Osinbajo Hails Supreme Court Ruling Endorsing Virtual Proceedings
Posted: 15/Sep/2020

The Vice President, Prof. Yemi Osinbajo (SAN) has said that the endorsement of virtual court proceedings by a recent Supreme Court ruling is wise decision.

He said the decision has saved “our system of justice another catastrophic round of technical decisions around the constitutionality of virtual proceedings”, among other issues.

The Vice President stated this on Thursday at a webinar on media coverage of virtual court proceedings in Nigeria, organized by the Gavel International Limited.

He however remarked that Practice directions for different levels of court may have to indicate how and in what order invitations would be issued especially to the public.

According to Prof. Osinbajo, “we are at a point where at least we know that virtual hearings are legal. “This means that the Supreme Court is satisfied that appropriate means can be found to ensure that hearings are public and that the press and indeed members of the public can access the proceedings.

“I think that an opportunity that this offers us is to get rid of this issue of technicality as much as possible.

“And I am so pleased that the Supreme Court did not even hesitate in saying that virtual proceedings are legal.

“It is really a breath of fresh air considering the ways that we tend to magnify the issue of technicality to the point where you wonder where justice is.”

The Vice President  further:  “I am hoping that the opportunity we have in virtual proceedings will also be an opportunity to dispense with several of the unnecessary technical rules that we have in our adjectival law, laws of procedure, evidence and all that.

”And hopefully, we are able to get to the heart of trials and the heart of the matter such that we are buck down unnecessarily by technicality”, he added.

The Vice President said reporting of court proceedings is a crucial exercise of the right to fair hearing, a cornerstone of which is that hearings must be held in public. “How that right will be given full expression when court proceedings are within the encrypted confines of virtual platforms is really the subject of our conversion today”, he said.

According to him: “the Attorneys General of Lagos and Ekiti States deserve our commendation for bringing the matter before the Supreme Court. They asked the court to determine whether having regard to the constitutional requirement that court proceedings, save for some exceptions, must be held in public and whether court hearings by the use of technology, by remote hearings of any kind, whether Zoom or WhatsApp, Microsoft Themes, Skype or any other audio-visual or video-conference platform are constitutional.

“The Supreme Court, while dismissing the suits themselves as premature and speculative nevertheless said that as things stood today virtual proceedings were Constitutional.

“This wise approach of the Court probably saved our system of justice another catastrophic round of technical decisions around the constitutionality of virtual proceedings.

“It may also be cautiously taken as a signal that the Supreme Court expects the lower courts to go down this new path with as little attention to technicality as possible.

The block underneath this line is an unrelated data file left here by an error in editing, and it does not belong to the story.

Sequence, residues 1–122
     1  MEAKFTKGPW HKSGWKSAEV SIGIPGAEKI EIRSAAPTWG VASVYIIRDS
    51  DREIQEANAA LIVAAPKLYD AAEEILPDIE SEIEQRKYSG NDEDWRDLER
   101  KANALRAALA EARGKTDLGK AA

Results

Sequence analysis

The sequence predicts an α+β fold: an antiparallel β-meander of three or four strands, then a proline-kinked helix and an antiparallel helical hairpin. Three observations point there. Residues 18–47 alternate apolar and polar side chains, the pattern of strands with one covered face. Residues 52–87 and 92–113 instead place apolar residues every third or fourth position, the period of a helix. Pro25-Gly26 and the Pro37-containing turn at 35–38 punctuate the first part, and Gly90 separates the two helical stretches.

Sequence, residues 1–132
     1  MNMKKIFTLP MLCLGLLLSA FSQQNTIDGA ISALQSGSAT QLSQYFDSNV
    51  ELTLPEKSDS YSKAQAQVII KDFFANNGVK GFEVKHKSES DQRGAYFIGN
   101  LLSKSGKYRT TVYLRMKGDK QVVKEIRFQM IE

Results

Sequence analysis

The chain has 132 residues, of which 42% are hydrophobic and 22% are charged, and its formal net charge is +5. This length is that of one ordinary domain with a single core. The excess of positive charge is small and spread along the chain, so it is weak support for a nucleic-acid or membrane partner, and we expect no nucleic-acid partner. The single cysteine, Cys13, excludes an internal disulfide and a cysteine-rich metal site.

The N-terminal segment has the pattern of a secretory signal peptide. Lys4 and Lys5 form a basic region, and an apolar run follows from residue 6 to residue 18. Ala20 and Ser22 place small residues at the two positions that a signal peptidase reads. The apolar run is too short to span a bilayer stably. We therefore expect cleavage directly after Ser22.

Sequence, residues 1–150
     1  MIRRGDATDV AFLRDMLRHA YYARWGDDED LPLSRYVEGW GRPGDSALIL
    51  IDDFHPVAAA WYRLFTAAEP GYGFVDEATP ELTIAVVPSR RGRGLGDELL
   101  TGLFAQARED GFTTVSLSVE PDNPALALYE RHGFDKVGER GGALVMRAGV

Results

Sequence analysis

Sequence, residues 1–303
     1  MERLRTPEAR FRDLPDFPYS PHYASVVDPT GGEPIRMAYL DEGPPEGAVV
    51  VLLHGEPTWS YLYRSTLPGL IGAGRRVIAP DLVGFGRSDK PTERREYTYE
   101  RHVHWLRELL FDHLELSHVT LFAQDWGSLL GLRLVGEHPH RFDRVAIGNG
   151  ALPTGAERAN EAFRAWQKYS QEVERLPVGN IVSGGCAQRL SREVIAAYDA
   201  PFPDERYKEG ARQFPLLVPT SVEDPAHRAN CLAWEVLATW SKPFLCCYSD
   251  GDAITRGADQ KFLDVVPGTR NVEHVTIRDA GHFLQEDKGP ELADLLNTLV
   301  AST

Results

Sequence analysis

“So, we are at a point where at least we know that virtual hearings are legal. This means that the Supreme Court is satisfied that appropriate means can be found to ensure that hearings are public, and that the press and indeed members of the public can access the proceedings.

“The technical issues around this are straightforward enough. If for example, the Zoom platform is the preferred option, the host, the registrar of the court will simply invite the press by making available the relevant coordinates of the meeting to enable the press (not just the print media) log on to the proceedings.

“Just as the physical court can only sit a determined number of persons so the virtual court, depending on the platform being used, would probably have a stated number of persons who can access the proceedings”, he stated.

In his contribution,activist lawyer Femi Falana (SAN) said that the Supreme Court ruling has established the legal validity of virtual court proceedings.

Falana said what remains to be done is for government to put in place necessary machineries to facilitate a successful virtual court regime in the country.

He urged the judiciary to take advantage of intervention fund being disbursed across the country by the Central Bank of Nigeria (CBN) to equip the sector technologically, noting that of the N360 billion disbursed so far to different sector, not a kobo has been disbursed to the judiciary.

He regretted that at the moment, the judiciary lacked the fund to train judges, lawyers and equip the courts technologically.

Falana deplored the fact that the Justice Ayo Salami Commission investigating former acting chairman of EFCC, Ibrahim Magu is sitting in camera.

He contended that stakeholders should demand that the commission sit in the open saying that the issues involve are matters that concern every Nigerian.

Former General Secretary of the Nigerian Bar Association (NBA)  Dele Adesina (SAN) remarked that COVID-19 brought technology and other innovations into our lives and that it would continue to grow in that order.

Adesina said the country now need a well coordinated technological judicial system to be driven by the National Judicial Council (NJC) and the Chief Justice of Nigeria (CJN) to guide virtual hearing and coverage of proceedings.

He noted that this would not just require journalistic or judicial approach but technological approach.

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